In the present study, we evaluated the importance of age and BMD in reliable fracture risk assessment in a cohort of women diagnosed with EBC.
The target group for the present study was women diagnosed with EBC. In total, all 133 diagnosed women were recruited from May 2016 to May 2017 at the Department of Endocrinology, Rigshospitalet, Copenhagen, Denmark, for further evaluation. Twelve women were excluded due to previously diagnosed osteoporosis (T-score < -2.5) and/or ongoing treatment with antiresorptive medication (e.g., Alendronate), and five women were excluded due to missing data, resulting in a total of 116 women. All participants were subject to routine examination, anthropometric and BMD measurements.
2.1. Bone Mineral Density
BMDs were measured at the lumbar spine (LS) (the mean of L2-L4), femoral neck (FN), and total hip (TH) on both sides. DXA accurately determines two-dimensional BMD (g/cm2) and detects patients with fragile bones who are at an increased risk of incurring osteoporotic fractures .
The BMDs of LS (L2–L4) and both hips (TH and FN) were routinely measured using DXA (Hologic DiscoveryTM QDR Series scanner), and the trabecular bone scores were calculated afterward (TBSiNsightTM version 22.214.171.124, Med-Imaps). Skeletal sites with metal implants were excluded.
The same laboratory technician performed all analyses. The calibration was performed following the standard procedure. According to the manufacturer, the CV (coefficient of variation) of the total BMD is approximately 1% Europe H. Hologic Osteoporosis Assessment. Reference Manual. 2006; Document No. Man-00214.
All blood samples were routinely obtained via venipuncture in the antecubital vein and processed at the central laboratory at Rigshospitalet, Denmark, for future analysis of the plasma concentrations of free calcium-ion, 25-OH vitamin D, parathyroid hormone, serum phosphate, alkaline phosphatase, bone-specific alkaline phosphatase, procollagen, and osteocalcin to ensure that no other bone disease or other disease was present.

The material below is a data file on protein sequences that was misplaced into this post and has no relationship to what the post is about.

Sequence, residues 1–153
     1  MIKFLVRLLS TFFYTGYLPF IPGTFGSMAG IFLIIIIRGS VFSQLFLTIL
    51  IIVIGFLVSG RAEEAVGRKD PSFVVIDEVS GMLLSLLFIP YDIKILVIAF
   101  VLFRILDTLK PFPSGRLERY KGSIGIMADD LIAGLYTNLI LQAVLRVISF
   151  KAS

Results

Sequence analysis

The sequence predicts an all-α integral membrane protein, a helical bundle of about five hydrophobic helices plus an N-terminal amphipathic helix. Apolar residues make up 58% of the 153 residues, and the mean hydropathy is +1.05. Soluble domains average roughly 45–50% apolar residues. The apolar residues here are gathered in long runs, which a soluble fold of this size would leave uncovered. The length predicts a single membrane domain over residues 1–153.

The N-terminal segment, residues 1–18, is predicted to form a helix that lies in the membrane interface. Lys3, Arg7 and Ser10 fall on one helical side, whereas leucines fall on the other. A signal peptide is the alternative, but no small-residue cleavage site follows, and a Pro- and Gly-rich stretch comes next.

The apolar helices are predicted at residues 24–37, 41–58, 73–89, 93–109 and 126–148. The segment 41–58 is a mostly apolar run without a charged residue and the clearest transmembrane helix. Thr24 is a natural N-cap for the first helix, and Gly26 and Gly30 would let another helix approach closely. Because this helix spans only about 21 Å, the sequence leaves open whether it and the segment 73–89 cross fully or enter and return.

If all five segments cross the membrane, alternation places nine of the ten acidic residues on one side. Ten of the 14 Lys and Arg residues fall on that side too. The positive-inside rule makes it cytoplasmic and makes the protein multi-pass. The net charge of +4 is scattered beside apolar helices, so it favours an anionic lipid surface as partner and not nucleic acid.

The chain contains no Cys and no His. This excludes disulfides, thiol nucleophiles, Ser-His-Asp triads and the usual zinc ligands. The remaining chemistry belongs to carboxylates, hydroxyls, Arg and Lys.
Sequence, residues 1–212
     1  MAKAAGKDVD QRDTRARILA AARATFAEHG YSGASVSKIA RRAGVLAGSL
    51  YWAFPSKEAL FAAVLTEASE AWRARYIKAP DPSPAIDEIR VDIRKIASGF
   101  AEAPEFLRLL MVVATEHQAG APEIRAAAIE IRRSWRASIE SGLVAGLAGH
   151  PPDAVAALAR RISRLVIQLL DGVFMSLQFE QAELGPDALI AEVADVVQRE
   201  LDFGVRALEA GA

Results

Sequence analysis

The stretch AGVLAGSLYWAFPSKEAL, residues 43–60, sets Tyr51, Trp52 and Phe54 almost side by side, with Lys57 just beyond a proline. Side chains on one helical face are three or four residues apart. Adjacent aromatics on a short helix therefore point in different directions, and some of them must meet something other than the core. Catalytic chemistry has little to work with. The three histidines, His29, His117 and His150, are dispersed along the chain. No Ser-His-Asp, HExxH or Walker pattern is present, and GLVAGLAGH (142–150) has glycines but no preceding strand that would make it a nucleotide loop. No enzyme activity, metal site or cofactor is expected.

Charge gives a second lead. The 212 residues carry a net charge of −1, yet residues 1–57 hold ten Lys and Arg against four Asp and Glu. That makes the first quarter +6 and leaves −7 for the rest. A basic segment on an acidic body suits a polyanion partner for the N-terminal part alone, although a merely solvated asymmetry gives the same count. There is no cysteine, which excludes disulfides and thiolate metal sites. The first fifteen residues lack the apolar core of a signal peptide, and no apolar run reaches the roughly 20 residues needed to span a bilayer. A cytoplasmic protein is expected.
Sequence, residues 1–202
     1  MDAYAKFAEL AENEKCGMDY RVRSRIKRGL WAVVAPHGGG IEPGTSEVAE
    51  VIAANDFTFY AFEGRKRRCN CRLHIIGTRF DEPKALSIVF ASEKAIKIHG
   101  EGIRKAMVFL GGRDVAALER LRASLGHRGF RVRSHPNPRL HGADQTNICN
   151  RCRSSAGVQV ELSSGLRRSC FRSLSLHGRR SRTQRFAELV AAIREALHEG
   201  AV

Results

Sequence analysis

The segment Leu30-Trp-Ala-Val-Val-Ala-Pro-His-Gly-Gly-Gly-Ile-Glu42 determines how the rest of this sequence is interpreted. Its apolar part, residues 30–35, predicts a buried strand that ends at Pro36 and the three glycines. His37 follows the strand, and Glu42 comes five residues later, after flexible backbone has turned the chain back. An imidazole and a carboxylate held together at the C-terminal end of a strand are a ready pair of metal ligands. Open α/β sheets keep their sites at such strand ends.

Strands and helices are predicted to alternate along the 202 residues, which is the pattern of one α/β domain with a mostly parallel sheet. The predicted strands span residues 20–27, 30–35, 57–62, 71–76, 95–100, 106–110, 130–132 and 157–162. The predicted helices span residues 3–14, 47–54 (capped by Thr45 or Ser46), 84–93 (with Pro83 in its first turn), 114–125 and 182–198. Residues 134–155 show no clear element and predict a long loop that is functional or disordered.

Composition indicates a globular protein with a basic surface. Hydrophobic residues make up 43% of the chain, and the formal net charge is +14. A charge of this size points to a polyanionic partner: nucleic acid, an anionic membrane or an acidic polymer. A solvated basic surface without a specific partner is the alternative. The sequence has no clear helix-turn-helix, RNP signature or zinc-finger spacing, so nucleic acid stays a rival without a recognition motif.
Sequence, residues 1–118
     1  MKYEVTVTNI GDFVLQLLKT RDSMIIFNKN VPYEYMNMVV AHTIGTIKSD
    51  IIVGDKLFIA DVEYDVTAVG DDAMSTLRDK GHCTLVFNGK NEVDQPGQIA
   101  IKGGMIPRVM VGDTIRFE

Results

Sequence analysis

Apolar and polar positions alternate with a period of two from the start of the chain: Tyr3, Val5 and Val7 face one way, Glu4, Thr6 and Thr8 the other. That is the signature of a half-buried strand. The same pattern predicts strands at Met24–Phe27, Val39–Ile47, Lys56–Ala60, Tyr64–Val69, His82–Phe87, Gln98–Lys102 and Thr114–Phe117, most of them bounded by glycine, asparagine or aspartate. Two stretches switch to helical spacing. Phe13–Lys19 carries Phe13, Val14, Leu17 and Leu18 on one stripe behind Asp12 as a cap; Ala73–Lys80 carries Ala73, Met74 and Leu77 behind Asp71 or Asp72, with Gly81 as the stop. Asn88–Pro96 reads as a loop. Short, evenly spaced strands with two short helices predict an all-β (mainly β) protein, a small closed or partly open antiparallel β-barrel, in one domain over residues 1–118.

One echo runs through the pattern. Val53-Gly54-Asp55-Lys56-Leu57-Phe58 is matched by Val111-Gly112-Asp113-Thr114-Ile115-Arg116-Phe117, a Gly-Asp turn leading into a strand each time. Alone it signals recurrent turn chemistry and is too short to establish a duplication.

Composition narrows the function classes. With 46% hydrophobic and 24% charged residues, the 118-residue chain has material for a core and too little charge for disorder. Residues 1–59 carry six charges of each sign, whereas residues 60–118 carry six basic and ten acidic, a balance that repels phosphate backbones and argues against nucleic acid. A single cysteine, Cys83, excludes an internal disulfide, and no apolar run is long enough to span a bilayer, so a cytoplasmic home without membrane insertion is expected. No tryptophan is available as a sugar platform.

The 10-year probability (FRAX scores) of hip fracture or major osteoporotic fracture with or without BMD was calculated by fracture risk assessment tool country-specific for Denmark on the official website (https://www.sheffield.ac.uk/FRAX/) based on a participant’s risk at the time of the DXA examination.
FRAX score of hip fracture ≥ 3% was defined as a high-risk category, and vice versa: if the score was below 3%, it was categorized as low-risk. Meanwhile, FRAX score of major osteoporotic fracture ≥ 20% was defined as a high-risk category, 10-19% as a moderate category, and <10% as a low-risk category .
2.4. Statistical Analysis
The statistical package for the social sciences (SPSS, version 24.0, IBM Corp., Armonk, NY, USA) was used for all statistical analyses. The nonparametric test was drawn to investigate differences between the FRAX score without BMD value and the FRAX score with BMD value. A p value ≤ 0.05 was considered statistically significant.
The baseline clinical characteristics of the participants are presented in Table 1. The mean age was 64.1±11.2 years and the median was 64 years. The average LS, TH, and FN T-scores were in the osteopenic range (T-score between -1.0 and -2.5). The specific BMD measures are presented in Table 2. One participant was excluded due to incomplete data. As shown, only 2.6% of the participants were classified within the normal range when evaluating BMD at all sites. Osteopenia was seen in 64.4% (BMD T-score below -2.5) and 33% had osteoporosis (BMD T-score less than -2.5) in one or more sites.
Data are presented as mean ± SD.
LS: lumbar spine; TH: total hip; FN: femoral neck.
Data presented as n ().
testing across group using Friedman test.
BMD LS and left TH vs BMD TS alone, p value <0.001 (post hoc Wilcoxon test).
BMD LS and left TH vs BMD left TH alone, p value <0.001 (post hoc Wilcoxon test).
BMD LS and left TH vs BMD Left FN alone, p value <0.001 (post hoc Wilcoxon test).
Other pairs which are not mentioned are not statistically significant.
Table 3 shows the 10-year probability of suffering a hip fracture. As shown, when adding BMD measurements to the FRAX score calculation, the number of patients in the high-risk category was reduced from 53 to 26 patients, a statistically significant decrease (relative risk reduction) of 50.9% (p<0.001). The low-risk category increased by 42.9%.
Data presented as n ().
Table 4 presents the calculated 10-year probability of a major osteoporotic fracture with and without the BMD measurement included. When including BMD measurements in the FRAX major score calculation, the number of patients in the high-risk category significantly decreased by 70.4% from 27 to 8 patients (p<0.001), whereas the moderate risk category decreased by 4.9% from 41 to 39 patients. The low-risk category increased accordingly by 43.8% from 48 to 69 patients.